Why Chris Hemsworth Rejected the ‘Star Trek’ Sequel

We’re only now beginning to learn about the struggles Chris Hemsworth went through in finding his cinematic identity. His acting career was not handed to him on a silver platter, and it took time for him to find what kind of roles he wanted. We’ve even found out he dealt with crippling anxiety in his early days while in auditions for coveted roles.

Ultimately, his first role Americans saw him in after moving here from Australia was playing Captain Kirk’s father, George, in the initial Star Trek reboot. While that character was killed off, it was expected he’d return in an upcoming sequel.

Hemsworth recently nixed the idea for one specific reason, giving his fans a subtle guide on where he plans to go as an actor.

Chris Hemsworth
Chris Hemsworth | Jim Spellman/Getty Images

Hemsworth is now aiming higher for better roles…and paychecks

The main reason behind Hemsworth turning down a reprisal of George Kirk is he simply didn’t like the script he read. Also, with his asking price now up into the stratosphere, the producers of Star Trek 4 wouldn’t be able to afford him anyway.

One can argue the role of George Kirk was already a bit of a throwaway, despite playing an emotional part in the beginning of the new reboot saga. It’s too bad he wasn’t given more time to flesh out the character of George. Let’s not forget it did set Hemsworth’s career in motion, leading him to land Thor a year later.

Of course, some Star Trek fans might take offense to him turning down the role when it’s what helped introduce him to American audiences. It broaches a question whether an actor should feel obligated to return to a role that helped them find stardom.

With Hemsworth expected to take a break from making movies for a year, he has some time to ruminate on this himself.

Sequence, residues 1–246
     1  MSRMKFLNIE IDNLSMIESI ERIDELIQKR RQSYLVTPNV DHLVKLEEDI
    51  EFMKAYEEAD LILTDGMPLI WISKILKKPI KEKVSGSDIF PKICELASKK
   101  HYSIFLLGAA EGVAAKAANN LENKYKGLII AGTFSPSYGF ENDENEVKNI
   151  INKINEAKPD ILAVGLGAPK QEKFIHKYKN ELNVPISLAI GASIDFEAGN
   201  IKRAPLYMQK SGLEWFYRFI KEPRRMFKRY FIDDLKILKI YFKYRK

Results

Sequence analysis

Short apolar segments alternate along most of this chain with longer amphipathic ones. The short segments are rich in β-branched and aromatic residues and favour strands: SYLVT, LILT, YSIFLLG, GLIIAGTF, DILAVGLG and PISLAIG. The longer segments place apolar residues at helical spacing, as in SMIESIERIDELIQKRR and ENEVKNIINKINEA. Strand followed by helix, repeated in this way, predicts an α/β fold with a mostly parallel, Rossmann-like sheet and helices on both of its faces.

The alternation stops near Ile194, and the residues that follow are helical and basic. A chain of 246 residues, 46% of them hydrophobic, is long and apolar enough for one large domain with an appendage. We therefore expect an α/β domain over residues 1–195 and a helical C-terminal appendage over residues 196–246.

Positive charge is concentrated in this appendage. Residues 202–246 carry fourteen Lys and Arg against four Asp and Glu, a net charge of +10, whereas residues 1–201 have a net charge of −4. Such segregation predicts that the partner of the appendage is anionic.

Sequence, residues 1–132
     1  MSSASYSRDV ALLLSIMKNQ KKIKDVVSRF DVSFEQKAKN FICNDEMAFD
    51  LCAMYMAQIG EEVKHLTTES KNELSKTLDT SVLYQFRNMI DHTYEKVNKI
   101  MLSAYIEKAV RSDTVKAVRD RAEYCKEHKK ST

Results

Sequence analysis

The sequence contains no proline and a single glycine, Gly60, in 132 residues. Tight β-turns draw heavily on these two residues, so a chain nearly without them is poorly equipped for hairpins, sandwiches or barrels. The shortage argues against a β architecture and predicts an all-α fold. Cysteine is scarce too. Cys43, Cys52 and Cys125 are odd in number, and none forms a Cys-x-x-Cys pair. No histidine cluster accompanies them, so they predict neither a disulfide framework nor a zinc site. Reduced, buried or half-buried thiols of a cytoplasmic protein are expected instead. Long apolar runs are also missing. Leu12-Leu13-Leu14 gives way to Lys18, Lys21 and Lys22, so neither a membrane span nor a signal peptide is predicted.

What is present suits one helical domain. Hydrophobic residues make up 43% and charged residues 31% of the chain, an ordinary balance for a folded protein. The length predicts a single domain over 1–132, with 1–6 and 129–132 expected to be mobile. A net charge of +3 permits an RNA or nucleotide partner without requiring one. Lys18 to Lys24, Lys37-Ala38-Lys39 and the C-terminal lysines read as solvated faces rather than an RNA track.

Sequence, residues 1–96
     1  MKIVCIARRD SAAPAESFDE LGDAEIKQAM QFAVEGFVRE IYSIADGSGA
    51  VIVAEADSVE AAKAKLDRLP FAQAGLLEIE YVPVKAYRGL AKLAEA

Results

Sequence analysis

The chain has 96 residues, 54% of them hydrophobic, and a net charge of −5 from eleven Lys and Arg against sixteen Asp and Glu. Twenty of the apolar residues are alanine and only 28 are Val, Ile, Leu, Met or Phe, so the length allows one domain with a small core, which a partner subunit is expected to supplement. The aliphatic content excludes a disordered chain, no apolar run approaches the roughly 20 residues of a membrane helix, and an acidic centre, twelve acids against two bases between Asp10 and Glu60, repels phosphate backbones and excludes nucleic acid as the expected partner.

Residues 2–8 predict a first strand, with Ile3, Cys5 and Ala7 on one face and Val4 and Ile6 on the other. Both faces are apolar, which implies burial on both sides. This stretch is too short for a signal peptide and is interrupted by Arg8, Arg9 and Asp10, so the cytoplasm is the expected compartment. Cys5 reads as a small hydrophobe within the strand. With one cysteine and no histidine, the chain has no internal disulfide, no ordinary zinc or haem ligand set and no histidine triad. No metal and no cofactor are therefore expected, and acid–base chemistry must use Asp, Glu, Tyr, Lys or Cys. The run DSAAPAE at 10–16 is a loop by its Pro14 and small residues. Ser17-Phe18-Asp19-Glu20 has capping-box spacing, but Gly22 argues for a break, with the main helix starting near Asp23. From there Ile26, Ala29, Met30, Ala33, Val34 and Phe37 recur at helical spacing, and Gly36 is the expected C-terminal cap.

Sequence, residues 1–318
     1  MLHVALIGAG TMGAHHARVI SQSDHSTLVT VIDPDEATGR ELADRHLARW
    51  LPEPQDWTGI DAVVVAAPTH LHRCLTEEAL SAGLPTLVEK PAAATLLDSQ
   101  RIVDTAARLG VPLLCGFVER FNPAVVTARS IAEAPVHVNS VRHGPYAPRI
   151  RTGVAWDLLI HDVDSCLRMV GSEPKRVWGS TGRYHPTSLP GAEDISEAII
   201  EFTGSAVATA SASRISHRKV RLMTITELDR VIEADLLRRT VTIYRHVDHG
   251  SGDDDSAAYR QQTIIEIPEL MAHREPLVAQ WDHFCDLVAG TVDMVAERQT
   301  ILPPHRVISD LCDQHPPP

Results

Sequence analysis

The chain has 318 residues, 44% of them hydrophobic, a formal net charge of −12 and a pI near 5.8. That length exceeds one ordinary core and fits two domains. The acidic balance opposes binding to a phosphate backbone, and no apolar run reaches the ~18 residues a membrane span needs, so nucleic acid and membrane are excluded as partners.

Has Hemsworth earned the right to be selective in his roles?

You can argue Hemsworth does have some say now on what kind of roles he wants to play after proving himself a bankable actor. Then again, some might argue Thor was his real calling card and that he might backfire on any other role.

Some might point to the evidence of Men in Black: International performing poorly at the box office and gaining negative reviews as an example. He could also be facing the Thor typecasting problem, outside his clear fight to rally against such a thing.

With only one other film coming out before his brief hiatus (Dhaka), speculation will likely start on whether Hemsworth should try to find another franchise to attach himself to so he doesn’t find his career in any future jeopardy.

Also, with the public having shorter memories, taking time away from movies may have to mean a big-screen reinvention in a couple of years.

Let’s hope Hemsworth doesn’t have to return to Thor to keep his career soaring

Even though Hemsworth broke all norms on superheroes by later playing Thor with a pot belly and a huge beard, it doesn’t necessarily mean he’d ever want to play an older Thor trying to keep up with the Millennial Marvel superheroes.

He was so popular in the role, however, it might mean an inevitable return down the road. No one wants to see him do this just because he might not land roles he wants, though.

It’ll take time to decide whether after Hemsworth’s break, he can progress himself into more serious roles to prove his acting worth. The coming year will be a major turning point, even if comedies look to be his future if you go by him being tapped for the Jay and Silent Bob reboot, plus playing Hulk Hogan in a biopic.

If he does have to return to Thor, we wouldn’t necessarily be against seeing him portray an older superhero trying to find his way, much like the actor portraying him.